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Proactive Steps to Protect Your Identity

The Texas Comptroller of Public Accounts has produced a Web site named, that provides information on protecting your identity from theft, and also tips on steps to take if you believe your identity has been stolen.

The site does offer some very good information, but I assume it’s no coincidence that it went up very quickly after it was discovered there was a massive breach of security at the Comptroller’s office, and, to quote the Dallas Morning News, “Social Security numbers and other personal information for 3.5 million people were inadvertently disclosed on a publicly accessible state computer server for a year or longer, Comptroller Susan Combs revealed.”

Regardless of the reason for the site, here is some helpful information from it:

Proactive Steps to Protect Your Identity

It’s important to protect your personal information, and to take certain steps quickly to minimize the potential damage from identity theft if your information is accidentally disclosed or deliberately stolen.

1. Prevent Identity Theft

  • Protect yourself by regularly checking your credit score to make sure there isn’t any unusual banking or credit activity reported in your name. The federal Fair Credit Reporting Act requires each of the major nationwide consumer reporting companies to provide you with a free copy of your credit report every 12 months. To order your free credit reports, visit or call toll-free 877-322-8228.
  • Place a 90-day “Fraud Alert” on your credit reports, and review those reports carefully. (Notifying one of the three nationwide consumer reporting companies is sufficient.)
  • Learn more ways to deter, detect or defend current identity theft attacks at the Texas Attorney General’s Texas Fights ID Theft website and the Federal Trade Commission’s Identity Theft site.

2. Protect Your Information Online

  • Don’t send personal information in e-mail or instant messages (IM). It is too easy for someone to intercept and read your information. Remember, it is out of your control once you send it.
  • Limit personal information you post on the Web and restrict who can access it. Facebook and Twitter are great for connecting with friends, but don’t post anything — like your birthday or full name — that could be used to steal your identity.
  • Unless you know and trust the sender, don’t open files, download programs or click links in e-mails or IM.
    Phishing scams often use these techniques to try to steal your identity.
  • Dedicate one credit card solely for online purchases. Monitor your statements for any suspicious activity.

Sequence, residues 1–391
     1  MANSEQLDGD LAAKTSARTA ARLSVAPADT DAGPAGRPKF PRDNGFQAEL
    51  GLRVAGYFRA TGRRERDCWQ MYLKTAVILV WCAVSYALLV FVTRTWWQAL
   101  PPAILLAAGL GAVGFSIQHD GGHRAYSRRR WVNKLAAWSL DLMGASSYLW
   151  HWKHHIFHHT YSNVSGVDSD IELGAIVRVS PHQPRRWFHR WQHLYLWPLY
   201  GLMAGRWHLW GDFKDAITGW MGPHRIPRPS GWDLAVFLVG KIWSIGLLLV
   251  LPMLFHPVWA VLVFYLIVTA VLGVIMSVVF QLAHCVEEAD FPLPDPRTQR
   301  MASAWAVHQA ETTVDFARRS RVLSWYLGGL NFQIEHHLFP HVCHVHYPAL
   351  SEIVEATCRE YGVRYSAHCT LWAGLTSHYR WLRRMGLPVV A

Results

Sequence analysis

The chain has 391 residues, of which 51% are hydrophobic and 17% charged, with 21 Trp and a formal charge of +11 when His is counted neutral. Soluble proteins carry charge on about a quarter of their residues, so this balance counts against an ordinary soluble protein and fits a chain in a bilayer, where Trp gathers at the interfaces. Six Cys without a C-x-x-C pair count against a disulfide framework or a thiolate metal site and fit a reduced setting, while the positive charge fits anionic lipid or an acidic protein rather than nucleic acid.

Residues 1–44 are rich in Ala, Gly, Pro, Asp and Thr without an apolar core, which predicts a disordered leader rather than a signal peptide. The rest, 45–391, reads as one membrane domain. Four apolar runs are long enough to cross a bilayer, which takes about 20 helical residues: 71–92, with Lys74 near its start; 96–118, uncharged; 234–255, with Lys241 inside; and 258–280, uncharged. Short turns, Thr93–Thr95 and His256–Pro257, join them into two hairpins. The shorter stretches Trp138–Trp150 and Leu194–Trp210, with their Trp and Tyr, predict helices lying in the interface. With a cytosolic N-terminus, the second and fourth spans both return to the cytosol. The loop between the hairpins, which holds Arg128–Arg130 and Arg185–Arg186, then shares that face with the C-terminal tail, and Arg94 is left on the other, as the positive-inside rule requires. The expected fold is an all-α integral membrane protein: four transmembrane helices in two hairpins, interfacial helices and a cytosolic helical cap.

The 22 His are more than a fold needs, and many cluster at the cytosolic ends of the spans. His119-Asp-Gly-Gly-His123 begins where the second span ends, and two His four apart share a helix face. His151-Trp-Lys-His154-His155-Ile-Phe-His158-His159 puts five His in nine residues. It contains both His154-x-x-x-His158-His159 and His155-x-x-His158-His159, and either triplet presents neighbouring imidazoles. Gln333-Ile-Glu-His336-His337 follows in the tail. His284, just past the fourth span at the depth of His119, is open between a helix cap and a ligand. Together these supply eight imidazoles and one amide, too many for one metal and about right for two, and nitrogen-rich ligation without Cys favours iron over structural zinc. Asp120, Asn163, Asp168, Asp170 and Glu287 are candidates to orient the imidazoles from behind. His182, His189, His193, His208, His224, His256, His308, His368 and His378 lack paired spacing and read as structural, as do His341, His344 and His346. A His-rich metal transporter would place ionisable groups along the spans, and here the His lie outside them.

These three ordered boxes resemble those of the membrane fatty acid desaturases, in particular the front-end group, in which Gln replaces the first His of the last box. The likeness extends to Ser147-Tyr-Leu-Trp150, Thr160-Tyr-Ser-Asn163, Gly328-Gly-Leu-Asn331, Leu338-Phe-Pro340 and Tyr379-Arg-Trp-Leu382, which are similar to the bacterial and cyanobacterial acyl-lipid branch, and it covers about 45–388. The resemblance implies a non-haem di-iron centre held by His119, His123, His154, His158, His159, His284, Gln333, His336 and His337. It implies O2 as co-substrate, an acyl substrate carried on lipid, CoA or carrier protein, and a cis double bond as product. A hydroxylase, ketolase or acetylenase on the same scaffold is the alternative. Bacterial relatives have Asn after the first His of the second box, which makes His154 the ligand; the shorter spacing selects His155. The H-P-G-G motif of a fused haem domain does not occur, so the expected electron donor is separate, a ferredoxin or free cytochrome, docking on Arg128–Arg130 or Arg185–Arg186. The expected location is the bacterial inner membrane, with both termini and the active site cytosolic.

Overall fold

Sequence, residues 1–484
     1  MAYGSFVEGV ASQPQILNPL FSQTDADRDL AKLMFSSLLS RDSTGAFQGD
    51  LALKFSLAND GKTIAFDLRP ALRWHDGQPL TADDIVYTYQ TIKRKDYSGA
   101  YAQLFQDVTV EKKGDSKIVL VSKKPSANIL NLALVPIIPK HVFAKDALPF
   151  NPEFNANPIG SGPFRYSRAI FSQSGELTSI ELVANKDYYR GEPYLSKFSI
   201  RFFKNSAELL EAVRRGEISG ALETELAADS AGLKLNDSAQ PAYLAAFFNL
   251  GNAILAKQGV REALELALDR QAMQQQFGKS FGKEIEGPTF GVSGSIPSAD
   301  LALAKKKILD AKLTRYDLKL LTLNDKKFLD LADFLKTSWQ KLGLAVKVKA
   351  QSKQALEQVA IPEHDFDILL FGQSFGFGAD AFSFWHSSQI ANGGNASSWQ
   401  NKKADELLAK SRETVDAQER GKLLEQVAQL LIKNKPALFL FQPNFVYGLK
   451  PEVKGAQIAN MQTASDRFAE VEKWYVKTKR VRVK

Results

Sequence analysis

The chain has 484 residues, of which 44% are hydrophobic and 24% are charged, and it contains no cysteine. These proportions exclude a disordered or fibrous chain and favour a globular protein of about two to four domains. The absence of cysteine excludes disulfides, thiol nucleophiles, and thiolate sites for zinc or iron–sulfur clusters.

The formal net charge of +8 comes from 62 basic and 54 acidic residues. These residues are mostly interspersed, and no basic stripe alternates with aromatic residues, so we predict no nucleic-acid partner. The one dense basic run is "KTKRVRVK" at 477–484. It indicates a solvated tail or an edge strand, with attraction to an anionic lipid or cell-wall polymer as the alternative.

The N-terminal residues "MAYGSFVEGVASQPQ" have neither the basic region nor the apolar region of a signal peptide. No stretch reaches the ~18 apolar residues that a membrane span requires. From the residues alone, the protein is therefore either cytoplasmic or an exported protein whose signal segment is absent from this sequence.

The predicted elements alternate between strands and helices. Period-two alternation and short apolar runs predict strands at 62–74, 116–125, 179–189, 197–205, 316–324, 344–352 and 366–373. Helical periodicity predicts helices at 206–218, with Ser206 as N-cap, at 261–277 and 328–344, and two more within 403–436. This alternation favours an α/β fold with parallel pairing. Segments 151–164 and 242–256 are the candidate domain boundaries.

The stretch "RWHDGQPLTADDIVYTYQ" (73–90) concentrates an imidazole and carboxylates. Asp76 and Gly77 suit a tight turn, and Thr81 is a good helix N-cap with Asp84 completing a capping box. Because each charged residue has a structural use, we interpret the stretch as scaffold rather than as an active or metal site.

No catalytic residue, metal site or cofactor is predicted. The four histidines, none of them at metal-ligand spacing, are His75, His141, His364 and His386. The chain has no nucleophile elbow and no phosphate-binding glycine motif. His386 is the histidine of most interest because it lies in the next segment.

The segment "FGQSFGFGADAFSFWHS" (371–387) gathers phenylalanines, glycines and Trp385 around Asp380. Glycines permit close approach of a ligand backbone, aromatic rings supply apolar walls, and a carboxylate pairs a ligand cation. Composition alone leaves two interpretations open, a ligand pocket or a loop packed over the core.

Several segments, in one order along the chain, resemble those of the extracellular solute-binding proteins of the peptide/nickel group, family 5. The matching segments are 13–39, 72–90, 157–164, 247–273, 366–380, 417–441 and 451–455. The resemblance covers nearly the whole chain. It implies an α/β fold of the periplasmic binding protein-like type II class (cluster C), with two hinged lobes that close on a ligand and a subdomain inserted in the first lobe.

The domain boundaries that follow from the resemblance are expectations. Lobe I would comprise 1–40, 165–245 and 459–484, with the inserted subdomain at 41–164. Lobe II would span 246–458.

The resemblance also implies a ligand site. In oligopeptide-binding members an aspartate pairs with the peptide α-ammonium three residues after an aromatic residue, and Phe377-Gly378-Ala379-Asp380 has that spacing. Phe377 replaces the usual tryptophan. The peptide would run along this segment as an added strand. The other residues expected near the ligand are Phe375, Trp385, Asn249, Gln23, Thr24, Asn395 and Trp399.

• Keep your Web browser updated to ensure you have the latest security features installed. Like any other software, Web browsers need to be kept up-to-date to protect against security vulnerabilities. They are also equipped with encryption capabilities that help keep your data safe as it travels the Internet. Check the online help feature or get more information about security features on the manufacturer’s Web site.
  • Avoid storing sensitive information like credit card numbers or your Social Security number on your computer. If your computer is compromised, you’ll be less exposed.
  • Before disposing of an old computer, use a utility program to “wipe” your hard drive. Deleting files isn’t enough to ensure all the sensitive information on your old hard drive stays safe. If you need help, there are services that will do this for you.
  • Download, install and update firewall, anti-virus and anti-spyware security software regularly. This will help protect your computer from intruders looking for your personal information.
  • Be smart about your passwords. Use strong passwords that include a combination of upper and lower case letters, numbers and symbols. Don’t check the “Remember Me” box on a login screen. That allows the site to save your password. And remember to log off when you leave a secured site. This will prevent unauthorized users from getting into your accounts.

3. Protect Your Personal Information

  • Shred all financial documents and credit applications to keep your personal information safe from dumpster divers.
  • Memorize your passwords, Social Security number and other account numbers. If you write them down they can be seen or stolen.
  • Limit the number of credit cards or identification cards you carry. Never carry your Social Security card with you.
  • Pick up new checks from your bank. Checks are easily stolen if they are sent to your home mailbox.
  • Use secured mailboxes, such as those at a post office, when mailing checks or letters. Try to pick up your mail from your mailbox as soon as possible and if you are going to be away, arrange to have your mail picked up or set up a delivery hold with the U.S. Postal Service.

Bob Kraft

I am a Dallas, Texas lawyer who has had the privilege of helping thousands of clients since 1971 in the areas of Personal Injury law and Social Security Disability.

About This Blog

The title of this blog reflects my attitude toward those government agencies and insurance companies that routinely mistreat injured or disabled people. As a Dallas, Texas lawyer, I've spent more than 45 years trying to help those poor folk, and I have been frustrated daily by the actions of the people on the other side of their claims. (Sorry if I offended you...)

If you find this type of information interesting or helpful, please visit my law firm's main website at You will find many more articles and links. Thank you for your time.

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